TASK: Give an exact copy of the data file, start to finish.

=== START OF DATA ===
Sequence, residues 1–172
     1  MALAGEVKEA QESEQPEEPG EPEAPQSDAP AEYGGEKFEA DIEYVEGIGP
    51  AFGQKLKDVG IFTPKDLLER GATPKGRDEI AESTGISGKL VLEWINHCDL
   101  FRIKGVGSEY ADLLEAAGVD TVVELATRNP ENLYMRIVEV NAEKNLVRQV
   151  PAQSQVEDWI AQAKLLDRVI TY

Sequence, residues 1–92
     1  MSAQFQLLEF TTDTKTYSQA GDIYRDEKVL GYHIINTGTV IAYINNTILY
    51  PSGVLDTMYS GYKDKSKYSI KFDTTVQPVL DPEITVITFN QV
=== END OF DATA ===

Sequence, residues 1–172
     1  MALAGEVKEA QESEQPEEPG EPEAPQSDAP AEYGGEKFEA DIEYVEGIGP
    51  AFGQKLKDVG IFTPKDLLER GATPKGRDEI AESTGISGKL VLEWINHCDL
   101  FRIKGVGSEY ADLLEAAGVD TVVELATRNP ENLYMRIVEV NAEKNLVRQV
   151  PAQSQVEDWI AQAKLLDRVI TY

Sequence, residues 1–92
     1  MSAQFQLLEF TTDTKTYSQA GDIYRDEKVL GYHIINTGTV IAYINNTILY
    51  PSGVLDTMYS GYKDKSKYSI KFDTTVQPVL DPEITVITFN QV